by Beth Hall & Martha Rynberg

Q: Now that my daughter is old enough to go to the movies, she is eager to see all the movies her friends are talking about at school. It seems like almost every one of them touches on adoption in some way! I know she already feels “different” because she is adopted, so I don’t want to make her feel even more different by preventing her from seeing the movies that all her friends are going to. At the same time, I hate to expose her to stories that present a distorted image of adoption, or cast it in a…

by Jeanne Lin

What are the particular risks and challenges that transracial adoption presents to identity development for the child? What challenges does the adopted person’s identity development present to the transracial family system? What specific kinds of issues and conflicts might arise and, importantly, what can we do to handle them? In asking these questions, I am specifically referring to families in which at least one parent is Caucasian and the adopted child is a person of color.

I should begin by saying that I am not a parent, nor am I an adopted person. I am a clinical psychologist who has…

By Robert L. Ballard, Ph.D.

Alasdair MacIntyre, a well-known ethicist, wrote: “We all live out narratives in our lives.” If this is true, then each life is a story, with a beginning, an end, and a wide range of characters, plot changes, and climaxes that enrich and enliven the story in between. These elements combine to create unique stories that are never repeated or duplicated.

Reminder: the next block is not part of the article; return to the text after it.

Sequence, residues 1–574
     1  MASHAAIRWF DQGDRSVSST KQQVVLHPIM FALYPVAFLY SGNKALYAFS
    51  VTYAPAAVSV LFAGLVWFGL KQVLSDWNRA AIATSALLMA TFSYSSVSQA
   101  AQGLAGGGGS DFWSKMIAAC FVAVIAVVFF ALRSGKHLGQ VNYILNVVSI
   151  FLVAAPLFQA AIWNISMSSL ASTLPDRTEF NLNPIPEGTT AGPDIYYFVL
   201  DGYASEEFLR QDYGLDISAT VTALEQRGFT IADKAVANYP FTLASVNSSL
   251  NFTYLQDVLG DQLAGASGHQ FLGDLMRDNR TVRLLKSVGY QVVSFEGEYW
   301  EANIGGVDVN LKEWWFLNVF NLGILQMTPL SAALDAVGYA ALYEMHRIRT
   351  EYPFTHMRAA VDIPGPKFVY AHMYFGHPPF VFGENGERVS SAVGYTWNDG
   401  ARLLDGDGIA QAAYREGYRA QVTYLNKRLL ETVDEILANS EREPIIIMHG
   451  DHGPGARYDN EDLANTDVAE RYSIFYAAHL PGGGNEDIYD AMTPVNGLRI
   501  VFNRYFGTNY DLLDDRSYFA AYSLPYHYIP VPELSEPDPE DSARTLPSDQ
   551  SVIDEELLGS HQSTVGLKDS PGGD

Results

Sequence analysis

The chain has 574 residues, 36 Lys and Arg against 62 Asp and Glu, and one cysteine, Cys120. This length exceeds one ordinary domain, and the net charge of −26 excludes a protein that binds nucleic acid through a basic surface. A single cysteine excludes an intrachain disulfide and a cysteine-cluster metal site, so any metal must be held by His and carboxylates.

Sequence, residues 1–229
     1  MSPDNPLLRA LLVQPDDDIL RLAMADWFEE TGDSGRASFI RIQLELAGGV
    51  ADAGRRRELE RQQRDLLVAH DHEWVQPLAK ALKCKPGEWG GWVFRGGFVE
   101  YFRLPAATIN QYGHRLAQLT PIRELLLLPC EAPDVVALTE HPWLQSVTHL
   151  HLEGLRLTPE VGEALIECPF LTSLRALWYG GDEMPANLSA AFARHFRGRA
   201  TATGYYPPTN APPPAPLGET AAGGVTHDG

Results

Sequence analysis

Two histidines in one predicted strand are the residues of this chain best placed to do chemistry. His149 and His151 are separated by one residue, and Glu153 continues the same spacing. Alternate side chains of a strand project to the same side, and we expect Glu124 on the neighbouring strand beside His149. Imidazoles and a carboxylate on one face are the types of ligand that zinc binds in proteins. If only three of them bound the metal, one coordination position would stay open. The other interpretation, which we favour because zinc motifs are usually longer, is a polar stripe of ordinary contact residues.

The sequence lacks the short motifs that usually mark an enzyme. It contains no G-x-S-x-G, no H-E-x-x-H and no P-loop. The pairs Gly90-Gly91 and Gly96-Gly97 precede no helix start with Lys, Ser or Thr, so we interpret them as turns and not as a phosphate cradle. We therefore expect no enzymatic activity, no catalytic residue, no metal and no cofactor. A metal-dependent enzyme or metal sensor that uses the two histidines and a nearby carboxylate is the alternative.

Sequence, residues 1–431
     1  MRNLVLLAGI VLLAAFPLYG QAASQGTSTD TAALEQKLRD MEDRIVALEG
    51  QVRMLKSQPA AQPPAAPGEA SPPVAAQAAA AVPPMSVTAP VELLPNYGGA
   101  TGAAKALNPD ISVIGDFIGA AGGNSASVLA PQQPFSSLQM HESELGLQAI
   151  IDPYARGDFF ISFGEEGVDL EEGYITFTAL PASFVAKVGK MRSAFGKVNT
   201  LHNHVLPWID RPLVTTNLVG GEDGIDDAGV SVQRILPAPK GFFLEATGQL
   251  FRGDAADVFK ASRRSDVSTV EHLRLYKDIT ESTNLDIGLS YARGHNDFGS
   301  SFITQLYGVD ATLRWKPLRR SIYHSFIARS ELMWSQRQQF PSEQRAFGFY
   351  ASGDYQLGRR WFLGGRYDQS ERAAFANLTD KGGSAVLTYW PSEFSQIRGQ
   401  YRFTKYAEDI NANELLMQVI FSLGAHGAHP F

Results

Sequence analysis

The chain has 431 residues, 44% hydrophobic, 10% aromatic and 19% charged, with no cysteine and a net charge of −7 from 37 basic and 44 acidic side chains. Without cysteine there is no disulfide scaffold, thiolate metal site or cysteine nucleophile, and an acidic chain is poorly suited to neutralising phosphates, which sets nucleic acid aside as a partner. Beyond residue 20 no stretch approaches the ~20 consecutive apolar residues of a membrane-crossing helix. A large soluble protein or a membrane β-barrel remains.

For international and transracial adoptees, one of the few things we can truly call our own is our story. We have lost our birth families, lost our birth culture, been placed in a family not…


Gina Miranda Samuels, PhD., MSW

Discussing multiraciality, transracial adoption, and identity have incited the most heartfelt and passionate debates I have ever witnessed in my professional or personal life. Multiracial families (both adoptive and non-adoptive) and mixed-race people are living symbols, and also walking targets, for some of our most cherished beliefs, our deepest pains, and our desire to ignore, dismantle, or indulge our obsessions with race. Engaging in these discussions can never be fully objective or value-free — they are deeply personal and emotional. I want to acknowledge that reality, while calling for a higher level of complexity…

by Mary Grossnickle, illustrated by Alison Relyea

Published by Jessica Kingsley Publishing 2014, $15.95, hardcover, 36 pages

A note from Mary Grossnickle:

A Place in My Heart is the result of my own experience with adoption, and also the result of talking to many children who were adopted. Feelings about birth parents are real and valid emotions, and they need to be acknowledged and even nurtured.

A Place in My Heart is a wonderful demonstration of how parents can talk with young children about adoption. The language and story are appropriate for early school-aged children (5 to 9 years old). …

We asked a transracial adoptee and a white adoptive parent to write reviews of Rebecca Carroll’s new memoir, “Surviving the White Gaze.” We think it’s important to always elevate the voice of adoptees and welcome their reviews, feedback and input. With this searing book, we also felt it was useful to hear from a white adoptive parent — read her review HERE.

Review by Ari Schill